My Path to Complementary and Alternative Medicine
By Marie-Sabine Thomas ND, LMP ’97
By the time I started my senior year at Mount Holyoke, I had gladly moonlighted amongst the various Five College Consortium course offerings. I had taken classes such as Biology of AIDS, Medical Anthropology, Sociology of Medicine, and Economics of Health Care. I had also interned at the New York City Caribbean Women’s Health Association and interviewed incarcerated women about their health at a jail in Ludlow, Massachusetts, for credit. In short, it was time to declare my major!
I was grateful that my advisor in the anthropology department understood that my interest could not be contained in one pre-structured mold. She guided me in designing my socio-medical sciences major with a minor in romance languages.
What seemed so foreign to my fellow pre-med classmates felt perfectly sound to me. I wanted to become a physician with the holistic philosophy of natural medicine and the rich span of tools it uses: nutrition, physical medicine, homeopathy, and botanical medicine, amongst many others.
A few years after my MHC graduation, my continued interest in social sciences, health, and medicine led me to attend medical school at Bastyr University’s School of Naturopathic Medicine (NM). Shortly after graduation from medical school, Bastyr awarded me a postdoctoral teaching fellowship
In 2009, I entered the world of research, when I received another postdoctoral fellowship from the National Institutes of Health’s National Center for Complementary and Alternative Medicine (NCCAM).
As a trained physician and a research scientist, the goal of my fellowship has been to investigate how conventional and complementary and alternative medicine practitioners (also known as CAM practitioners) interact with each other while caring for their patients. I was specifically interested in how this interaction (which some may call collaboration or integration) can affect the current health-care disparities witnessed in the United States and globally. I picked two projects.
In 1996, the state of Washington inaugurated the first national natural health medicine clinic designed to serve immigrant and low socioeconomic communities. These clinics are currently my “laboratory,” There are naturopathic physicians, medical doctors, osteopathic physicians, and nutritionists offering healthcare to Spanish, Russian, Arabic, and Amharic speaking communities in these community health centers. Sadly, there are marked disparities in the health care of these diverse communities, and I am interested in investigating how these medically, socially, and economically diversified community health centers the approached the disparities. That is project #1.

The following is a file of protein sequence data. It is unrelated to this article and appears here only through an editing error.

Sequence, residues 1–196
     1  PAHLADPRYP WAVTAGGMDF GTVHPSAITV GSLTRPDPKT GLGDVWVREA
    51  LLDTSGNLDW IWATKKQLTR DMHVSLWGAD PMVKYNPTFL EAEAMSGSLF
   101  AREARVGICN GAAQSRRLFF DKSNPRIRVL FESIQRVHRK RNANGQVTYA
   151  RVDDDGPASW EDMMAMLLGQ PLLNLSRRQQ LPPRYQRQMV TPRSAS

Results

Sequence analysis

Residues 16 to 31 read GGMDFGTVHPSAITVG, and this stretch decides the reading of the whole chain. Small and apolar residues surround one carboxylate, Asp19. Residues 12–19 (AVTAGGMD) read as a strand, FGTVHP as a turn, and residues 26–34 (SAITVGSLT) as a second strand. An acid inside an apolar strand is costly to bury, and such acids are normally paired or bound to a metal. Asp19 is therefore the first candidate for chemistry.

I also chose to explore perspectives about natural and traditional medicine and its place in the Haitian healthcare system. It is estimated that a large percentage of individuals in developing countries use indigenous medicine. In Haiti, even though 80–90 percent of the Haitian population utilizes traditional and natural medicine, traditional healers are not considered part of the status quo healthcare system. What if they were? That is project#2.
My interests in natural medicine have been brewing in my mind for a long time and were molded by my multicultural life experiences. My family is from Haiti, I was born and raised in the Democratic Republic of Congo (formerly Zaire), and I am now calling the USA my home. In each of these countries, there exists a disparity in access to healthcare and a paradox between what is considered conventional, evidence-based, researched, and proven versus the alternative, traditional, cultural, and sometimes unproven.
My time at Mount Holyoke College polished my critical thinking skills and enabled me to ask questions differently and hopefully contribute to filling gaps in the existing scholarship.
I look forward to practicing medicine again. However, before I pick up another stethoscope for a medical visit with a patient, I want to be better equipped to serve the patients. I want to understand what effect practitioners’ behavior in an integrated health system has on the patient’s health.
Therefore, I have chosen to approach this research through the lenses of the physicians’ and the patients’ words. I personally travel to physicians in the community health centers in Washington state. I also traveled to public health officials, medical doctors, and traditional healers in Haiti to capture their stories.
My training as a naturopathic physician has also given me the opportunity to feed my personal interests by working on various side projects; supporting urban community garden projects in underserved Seattle neighborhoods creating medicinal gardens in a Haitian botanical garden. I love what I am doing!
The author would like to state that the opinions shared in this essay are solely hers and not those of the National Center for Complementary and Alternative Medicine. The research cited is supported by NIH/NCCAM Grant No. T32T00815.
January 17, 2012